1. The New Rules have brought under the purview both the Primary (non-rechargeable) and secondary (chargeable) types of cells and not just focused on Lead-acid batteries.
  2. With the advancement in technology, now batteries can be tracked through online records and data management to control the sale and collection of batteries all over the country. This record will also ensure a formalized recycling of batteries.
  3. It lays down the responsibilities of the manufacturers, dealers, assemblers, auctioneers, recyclers, importers, re-conditioners, consumers and bulk consumers regarding the collection, processing, and sale of the batteries with a more advanced method.
  4. The new rules make sure that the recycling of the batteries is done safely by taking effective control measures and also it seems that the spare parts can be brought to some use.
  5. The Ministry has taken the task of setting up the collection centers on itself, either individually or jointly at various places for collecting batteries from consumers and dealers. New arrangements have been proposed for the safe transportation of the old batteries from the collection centers to the authorized recycler. Moreover, manufacturers will also need to file an annual record of their sales and buyback to the State Board by December 31 of every year.

Suggestions

  1. To use the 3 R’s as much as possible-  even though recycling is the best way for safe disposal of the used battery waste, the other two components that are REDUCE and RECHARGE can also prove to be effective in handling the battery waste. The main goal is protecting the environment and living beings from hazardous substances that come out of this waste. Thus, reducing and limiting the use of batteries to only important electrical devices and technology can be a good way to lessen the burden of disposal. Using Rechargeable batteries is another possible way to cut down the expenses of recycling.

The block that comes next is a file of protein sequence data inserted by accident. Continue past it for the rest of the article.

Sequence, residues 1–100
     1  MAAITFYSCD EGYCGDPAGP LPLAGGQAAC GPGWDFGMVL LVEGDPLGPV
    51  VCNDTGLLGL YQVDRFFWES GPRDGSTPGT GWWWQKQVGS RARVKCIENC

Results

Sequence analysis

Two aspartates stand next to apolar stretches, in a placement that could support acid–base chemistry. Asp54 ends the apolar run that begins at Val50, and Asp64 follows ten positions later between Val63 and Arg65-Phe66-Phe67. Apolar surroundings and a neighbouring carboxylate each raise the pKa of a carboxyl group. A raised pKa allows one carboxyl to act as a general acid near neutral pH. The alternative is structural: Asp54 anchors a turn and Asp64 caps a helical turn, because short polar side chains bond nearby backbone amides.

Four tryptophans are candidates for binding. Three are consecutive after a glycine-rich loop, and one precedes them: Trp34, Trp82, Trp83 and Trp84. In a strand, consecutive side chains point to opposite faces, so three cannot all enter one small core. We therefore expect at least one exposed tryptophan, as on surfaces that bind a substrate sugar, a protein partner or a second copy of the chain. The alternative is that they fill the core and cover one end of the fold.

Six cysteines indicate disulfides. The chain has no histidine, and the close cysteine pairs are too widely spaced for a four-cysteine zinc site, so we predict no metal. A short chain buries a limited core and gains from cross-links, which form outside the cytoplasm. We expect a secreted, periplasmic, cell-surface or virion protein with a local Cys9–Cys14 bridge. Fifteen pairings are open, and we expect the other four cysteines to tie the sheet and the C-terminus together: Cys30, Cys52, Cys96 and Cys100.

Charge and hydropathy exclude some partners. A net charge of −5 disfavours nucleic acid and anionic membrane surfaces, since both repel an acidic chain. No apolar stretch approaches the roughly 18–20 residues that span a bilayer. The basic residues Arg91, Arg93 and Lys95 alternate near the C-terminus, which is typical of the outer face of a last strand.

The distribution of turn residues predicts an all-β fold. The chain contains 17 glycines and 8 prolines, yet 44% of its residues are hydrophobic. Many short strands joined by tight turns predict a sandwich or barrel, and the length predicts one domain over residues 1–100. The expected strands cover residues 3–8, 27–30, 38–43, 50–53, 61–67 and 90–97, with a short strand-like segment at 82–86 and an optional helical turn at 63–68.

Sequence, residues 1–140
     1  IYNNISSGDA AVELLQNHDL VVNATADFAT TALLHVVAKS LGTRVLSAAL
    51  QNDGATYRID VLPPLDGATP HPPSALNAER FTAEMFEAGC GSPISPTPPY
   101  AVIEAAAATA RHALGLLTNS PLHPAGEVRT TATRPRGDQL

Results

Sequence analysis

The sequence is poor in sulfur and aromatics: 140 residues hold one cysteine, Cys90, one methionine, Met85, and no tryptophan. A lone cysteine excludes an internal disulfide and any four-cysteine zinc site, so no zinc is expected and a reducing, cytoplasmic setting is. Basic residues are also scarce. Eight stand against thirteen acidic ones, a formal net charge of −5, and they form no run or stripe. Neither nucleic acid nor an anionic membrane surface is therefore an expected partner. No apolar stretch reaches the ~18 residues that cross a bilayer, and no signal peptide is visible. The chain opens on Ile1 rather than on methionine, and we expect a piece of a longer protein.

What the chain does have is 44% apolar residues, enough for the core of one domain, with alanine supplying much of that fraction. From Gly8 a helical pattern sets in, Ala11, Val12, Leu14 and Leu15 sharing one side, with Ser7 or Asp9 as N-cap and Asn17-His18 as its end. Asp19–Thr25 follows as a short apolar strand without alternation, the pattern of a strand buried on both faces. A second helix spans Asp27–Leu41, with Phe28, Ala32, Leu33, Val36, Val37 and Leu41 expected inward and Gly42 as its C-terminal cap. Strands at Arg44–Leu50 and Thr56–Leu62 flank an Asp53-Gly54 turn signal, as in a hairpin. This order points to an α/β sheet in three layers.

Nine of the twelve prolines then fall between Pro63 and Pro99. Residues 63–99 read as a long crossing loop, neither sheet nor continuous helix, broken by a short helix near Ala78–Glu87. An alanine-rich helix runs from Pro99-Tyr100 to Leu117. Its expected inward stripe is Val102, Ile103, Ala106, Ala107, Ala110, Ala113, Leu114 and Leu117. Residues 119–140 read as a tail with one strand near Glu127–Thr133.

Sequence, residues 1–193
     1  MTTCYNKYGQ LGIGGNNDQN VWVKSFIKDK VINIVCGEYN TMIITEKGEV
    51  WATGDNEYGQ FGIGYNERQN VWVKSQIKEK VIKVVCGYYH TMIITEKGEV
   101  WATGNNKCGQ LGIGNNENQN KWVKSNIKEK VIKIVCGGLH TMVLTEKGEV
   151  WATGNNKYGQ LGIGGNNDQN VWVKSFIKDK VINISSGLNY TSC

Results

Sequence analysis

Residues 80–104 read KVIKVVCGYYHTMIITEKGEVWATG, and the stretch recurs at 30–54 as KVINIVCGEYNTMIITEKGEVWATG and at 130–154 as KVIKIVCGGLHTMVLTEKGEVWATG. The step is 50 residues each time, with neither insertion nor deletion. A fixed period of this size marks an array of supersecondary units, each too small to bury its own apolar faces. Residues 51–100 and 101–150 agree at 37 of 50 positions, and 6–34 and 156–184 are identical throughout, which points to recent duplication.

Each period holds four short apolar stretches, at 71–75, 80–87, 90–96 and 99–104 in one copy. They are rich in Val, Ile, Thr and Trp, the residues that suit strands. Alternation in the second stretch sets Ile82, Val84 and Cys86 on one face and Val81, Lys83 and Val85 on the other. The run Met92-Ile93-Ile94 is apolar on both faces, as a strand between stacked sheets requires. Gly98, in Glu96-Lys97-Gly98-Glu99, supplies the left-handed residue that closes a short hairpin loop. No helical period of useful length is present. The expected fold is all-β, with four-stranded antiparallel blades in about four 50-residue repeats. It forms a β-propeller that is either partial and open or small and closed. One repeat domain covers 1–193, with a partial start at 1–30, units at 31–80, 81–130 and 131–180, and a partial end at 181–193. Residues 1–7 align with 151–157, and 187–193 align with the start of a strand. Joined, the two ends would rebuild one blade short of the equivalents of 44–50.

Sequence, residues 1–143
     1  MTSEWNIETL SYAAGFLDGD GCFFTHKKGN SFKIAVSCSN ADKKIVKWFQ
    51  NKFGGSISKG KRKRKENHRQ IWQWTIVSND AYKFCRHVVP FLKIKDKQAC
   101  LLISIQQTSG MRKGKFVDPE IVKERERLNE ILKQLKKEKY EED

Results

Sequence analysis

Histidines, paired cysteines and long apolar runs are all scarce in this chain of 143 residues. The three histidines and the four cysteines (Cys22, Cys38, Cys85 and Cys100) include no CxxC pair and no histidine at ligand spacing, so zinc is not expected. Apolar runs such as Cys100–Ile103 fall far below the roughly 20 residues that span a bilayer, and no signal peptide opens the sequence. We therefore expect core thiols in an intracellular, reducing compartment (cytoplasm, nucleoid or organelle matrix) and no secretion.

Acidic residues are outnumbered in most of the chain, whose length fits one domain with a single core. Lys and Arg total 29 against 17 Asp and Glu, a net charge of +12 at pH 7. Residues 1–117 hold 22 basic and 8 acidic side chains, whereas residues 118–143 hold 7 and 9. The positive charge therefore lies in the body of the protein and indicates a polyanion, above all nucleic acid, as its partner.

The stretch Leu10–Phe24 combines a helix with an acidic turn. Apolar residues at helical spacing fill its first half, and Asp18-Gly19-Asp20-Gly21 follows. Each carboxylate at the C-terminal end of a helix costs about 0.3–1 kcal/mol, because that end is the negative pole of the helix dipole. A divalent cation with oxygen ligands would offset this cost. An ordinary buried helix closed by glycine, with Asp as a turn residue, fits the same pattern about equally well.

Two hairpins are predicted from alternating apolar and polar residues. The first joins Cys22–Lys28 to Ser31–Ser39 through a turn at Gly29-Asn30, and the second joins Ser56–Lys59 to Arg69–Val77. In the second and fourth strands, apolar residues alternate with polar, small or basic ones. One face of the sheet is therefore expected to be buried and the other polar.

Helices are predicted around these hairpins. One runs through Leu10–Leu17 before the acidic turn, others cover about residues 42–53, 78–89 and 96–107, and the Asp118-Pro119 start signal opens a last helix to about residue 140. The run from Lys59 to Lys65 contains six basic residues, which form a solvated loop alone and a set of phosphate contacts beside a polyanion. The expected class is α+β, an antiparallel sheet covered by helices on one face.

2. Importance of Awareness- increasing awareness among the people about the harmful impacts of waste batteries is the most crucial step towards managing Battery waste disposal. The people have to know that blindly using and disposing of the batteries will be their loss in the coming future. The Government alone cannot handle all the disposal and management of e-waste like batteries. The people need to support and work with the government for safe disposal of this waste because by doing so they are safeguarding the future interests of themselves as well as the environment.

Conclusion

Even after the introduction of a new draft of Rules set by the needs of the present era, the Batteries (Management and Handling) Rules, 2001 was quite successful in its own time. Batteries are just one thing out of so many that are a threat to our environment and us. We cannot ignore the polluted air that we encounter while stepping out of our homes, or the barren lands that once held huge trees in its soil or even the beautiful, clean lakes and rivers that we have in our cities, all of this is slowly getting destroyed at the hands of the humans themselves because they are not ready to look at the bigger picture in front of their own selfish needs. However, there is still hope to protect whatever is left of the environment and so I believe that we should make as many people aware of the current environmental situations as possible.  

References

  1. https://teamleasecompliance.com/resources/acts/article/22/environment-protection-act-1986-batteries-management-and-handling-rule/
  2. https://www.ecomena.org/managing-lead-acid-batteries/
  3. www.indiaenvironmentportal.org.in/content/453217/batteries-management-and-handling-rules-2001/
  4. https://www.ecolex.org/details/legislation/batteries-management-and-handling-rules-2001-lex-faoc040627/